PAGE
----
On my last visit to Sweden a few months ago I stumbled upon this art exhibition at a subway station.
I’m blurring it out because it’s so obscene the exhibition could actually be illegal here in Singapore.
But in Sweden it’s the authorities who promote it!
The boundaries for what’s acceptable in public art are radically different in Sweden from countries in East Asia.
Let’s take a look!
There isn’t any art in the subway here in Singapore, but there’s often an exhibition along Orchard Road, the main shopping streak.
Here’s one example from a few years back: It shows a young female athlete in a delicate position, but without crossing the line to obscenity. Instead it celebrates beauty, skill, and accomplishment.
These examples are also from Orchard Road. There is something about all of them that the average man of the street can appreciate and admire.
Swedish artists, at least those who get public funding, are far less interested in pleasing the public. Take this object in a Swedish suburb and ask yourself: Who was the artist trying to impress?
It certainly wasn’t the average man or woman in the neighbourhood.
It’s not that the art is abstract. This sculpture from Singapore is also highly abstract, but has a certain elegance and beauty to it that is uplifting and inspiring.
Most public art is figurative though and often has an historical motif, such as this statue of an early feminist.
Speaking of feminism, let’s get back to the subway.
I’m not a lawyer, but I think it would actually be an offense to hang these drawings on a wall in Singapore.
I wasn’t sure if just posting them on YouTube would get me in trouble, which would make it kinda hard to report on it.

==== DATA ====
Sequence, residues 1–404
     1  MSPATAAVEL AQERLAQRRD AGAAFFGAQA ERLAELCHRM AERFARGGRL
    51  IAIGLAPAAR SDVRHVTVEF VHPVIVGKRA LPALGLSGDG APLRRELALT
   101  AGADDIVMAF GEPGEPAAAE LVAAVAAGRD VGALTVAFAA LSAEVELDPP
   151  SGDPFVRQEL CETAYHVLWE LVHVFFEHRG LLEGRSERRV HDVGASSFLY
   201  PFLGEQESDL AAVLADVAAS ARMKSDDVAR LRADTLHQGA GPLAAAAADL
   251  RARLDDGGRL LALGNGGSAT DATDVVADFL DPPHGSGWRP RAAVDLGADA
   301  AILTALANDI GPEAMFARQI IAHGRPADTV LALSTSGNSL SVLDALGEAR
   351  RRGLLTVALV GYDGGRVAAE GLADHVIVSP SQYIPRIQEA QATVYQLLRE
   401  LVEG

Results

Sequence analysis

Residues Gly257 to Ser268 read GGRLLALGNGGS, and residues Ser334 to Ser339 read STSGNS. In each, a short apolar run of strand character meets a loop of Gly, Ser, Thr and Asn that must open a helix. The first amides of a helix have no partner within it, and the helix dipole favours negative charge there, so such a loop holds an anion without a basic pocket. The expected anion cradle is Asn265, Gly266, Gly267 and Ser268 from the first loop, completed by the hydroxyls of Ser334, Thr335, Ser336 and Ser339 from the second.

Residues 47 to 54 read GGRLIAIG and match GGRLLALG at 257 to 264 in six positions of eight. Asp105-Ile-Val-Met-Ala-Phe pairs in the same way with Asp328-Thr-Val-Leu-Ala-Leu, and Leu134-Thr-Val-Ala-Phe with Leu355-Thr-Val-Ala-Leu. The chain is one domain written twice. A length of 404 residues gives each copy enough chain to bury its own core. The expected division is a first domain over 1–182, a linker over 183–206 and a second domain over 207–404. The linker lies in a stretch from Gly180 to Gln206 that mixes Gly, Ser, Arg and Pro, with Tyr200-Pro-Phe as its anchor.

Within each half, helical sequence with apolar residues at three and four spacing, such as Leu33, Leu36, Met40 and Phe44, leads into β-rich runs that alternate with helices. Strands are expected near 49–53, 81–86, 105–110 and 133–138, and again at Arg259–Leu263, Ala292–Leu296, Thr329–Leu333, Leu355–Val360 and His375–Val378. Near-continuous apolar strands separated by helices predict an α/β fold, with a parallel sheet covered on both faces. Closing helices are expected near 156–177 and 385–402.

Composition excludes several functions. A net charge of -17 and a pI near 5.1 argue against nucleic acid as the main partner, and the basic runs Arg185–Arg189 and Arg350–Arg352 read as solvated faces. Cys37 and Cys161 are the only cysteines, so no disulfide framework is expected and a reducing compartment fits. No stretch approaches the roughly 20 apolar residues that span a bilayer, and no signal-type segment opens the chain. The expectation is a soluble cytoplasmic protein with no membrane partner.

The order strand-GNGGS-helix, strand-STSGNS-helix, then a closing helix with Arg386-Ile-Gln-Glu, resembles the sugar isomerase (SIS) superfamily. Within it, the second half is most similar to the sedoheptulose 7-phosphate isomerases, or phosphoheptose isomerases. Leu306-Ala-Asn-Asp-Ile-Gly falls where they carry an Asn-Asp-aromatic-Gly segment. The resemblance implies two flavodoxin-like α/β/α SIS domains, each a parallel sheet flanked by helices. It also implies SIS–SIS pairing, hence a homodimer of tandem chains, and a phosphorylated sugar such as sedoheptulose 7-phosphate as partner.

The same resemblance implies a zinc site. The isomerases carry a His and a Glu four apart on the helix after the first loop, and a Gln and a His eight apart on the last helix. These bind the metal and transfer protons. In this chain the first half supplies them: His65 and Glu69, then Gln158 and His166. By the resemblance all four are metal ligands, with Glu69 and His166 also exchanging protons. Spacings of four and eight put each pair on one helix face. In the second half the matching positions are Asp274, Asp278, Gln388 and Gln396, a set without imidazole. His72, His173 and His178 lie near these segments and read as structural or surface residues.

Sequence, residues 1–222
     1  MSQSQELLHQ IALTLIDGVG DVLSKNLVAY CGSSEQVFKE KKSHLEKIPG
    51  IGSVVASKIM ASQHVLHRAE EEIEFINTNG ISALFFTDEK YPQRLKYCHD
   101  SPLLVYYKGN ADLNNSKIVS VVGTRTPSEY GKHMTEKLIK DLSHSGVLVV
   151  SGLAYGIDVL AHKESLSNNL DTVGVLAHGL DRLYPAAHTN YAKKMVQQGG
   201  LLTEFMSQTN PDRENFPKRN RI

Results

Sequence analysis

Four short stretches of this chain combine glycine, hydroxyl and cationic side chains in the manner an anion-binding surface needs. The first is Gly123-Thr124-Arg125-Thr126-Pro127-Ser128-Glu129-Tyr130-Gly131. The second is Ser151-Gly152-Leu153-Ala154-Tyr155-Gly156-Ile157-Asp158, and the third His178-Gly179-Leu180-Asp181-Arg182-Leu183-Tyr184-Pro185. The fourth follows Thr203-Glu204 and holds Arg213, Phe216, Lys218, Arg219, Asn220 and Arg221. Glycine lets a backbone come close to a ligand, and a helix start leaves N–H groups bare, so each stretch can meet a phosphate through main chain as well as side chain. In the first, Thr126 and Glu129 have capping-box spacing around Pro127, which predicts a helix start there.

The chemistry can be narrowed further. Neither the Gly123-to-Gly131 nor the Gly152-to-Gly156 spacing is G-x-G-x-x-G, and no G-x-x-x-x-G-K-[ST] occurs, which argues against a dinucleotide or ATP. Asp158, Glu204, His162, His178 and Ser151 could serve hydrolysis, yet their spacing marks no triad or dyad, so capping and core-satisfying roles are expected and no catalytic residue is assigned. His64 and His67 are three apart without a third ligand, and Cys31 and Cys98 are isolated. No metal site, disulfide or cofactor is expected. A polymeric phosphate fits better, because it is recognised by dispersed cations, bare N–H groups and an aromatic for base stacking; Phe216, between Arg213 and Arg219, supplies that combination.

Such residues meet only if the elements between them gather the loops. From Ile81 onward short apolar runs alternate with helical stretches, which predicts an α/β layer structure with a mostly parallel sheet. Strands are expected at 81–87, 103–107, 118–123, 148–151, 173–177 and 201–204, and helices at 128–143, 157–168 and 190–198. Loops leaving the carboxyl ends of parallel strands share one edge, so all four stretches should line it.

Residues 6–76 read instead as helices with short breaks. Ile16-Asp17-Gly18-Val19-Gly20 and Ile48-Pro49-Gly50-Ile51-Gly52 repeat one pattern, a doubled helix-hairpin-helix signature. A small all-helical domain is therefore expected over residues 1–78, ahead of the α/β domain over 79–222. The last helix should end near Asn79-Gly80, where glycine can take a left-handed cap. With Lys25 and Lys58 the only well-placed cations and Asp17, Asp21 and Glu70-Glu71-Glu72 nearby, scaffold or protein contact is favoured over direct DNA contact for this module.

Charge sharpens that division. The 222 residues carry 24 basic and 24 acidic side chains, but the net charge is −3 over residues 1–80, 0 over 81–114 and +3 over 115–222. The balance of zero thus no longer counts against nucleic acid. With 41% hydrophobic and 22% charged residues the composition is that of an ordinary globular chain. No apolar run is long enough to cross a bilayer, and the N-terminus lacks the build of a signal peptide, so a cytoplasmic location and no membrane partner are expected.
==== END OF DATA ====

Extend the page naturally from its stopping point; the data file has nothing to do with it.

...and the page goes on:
But as far as I can tell from the legal text, it should be okay.
To summarize: obscene in relation to a film means a film that tends to deprave or corrupt the audience. I doubt you’ll be corrupted, so let’s remove the blur effect.
The drawings depict women having their period, lesbian love, and hairy legs. It’s actually pretty standard for the kind of art that gets public funding in Sweden nowadays; Or other support from government organisations.
It’s just the placement that is unusually prominent. Another example is an adaptation of the SCUM Manifesto by Valerie Solanas. The author of this intensely hateful rant against men actually tried to kill a famous artist Andy Warhol. But the hateful content didn’t stop Swedish authorities from funding performances of it, or schools from sending kids there.
Maybe you’re thinking that I must have cherry picked a single extreme incident. But the SCUM Manifesto is actually a darling of the Swedish establishment.
Of course there is less provocative art too.
And lastly there is art in East Asia that wouldn’t get funded in Sweden, not with public money.
I took these pictures in Hong Kong about three years ago. A Korean artist held an exhibition
with sculptures of people who were radiantly happy — in traditional gender roles.
That wouldn’t sit well with the current establishment in Sweden.
Who should decide what’s art and what’s just obscene?
And what do you think?
Speak your mind in the comment section below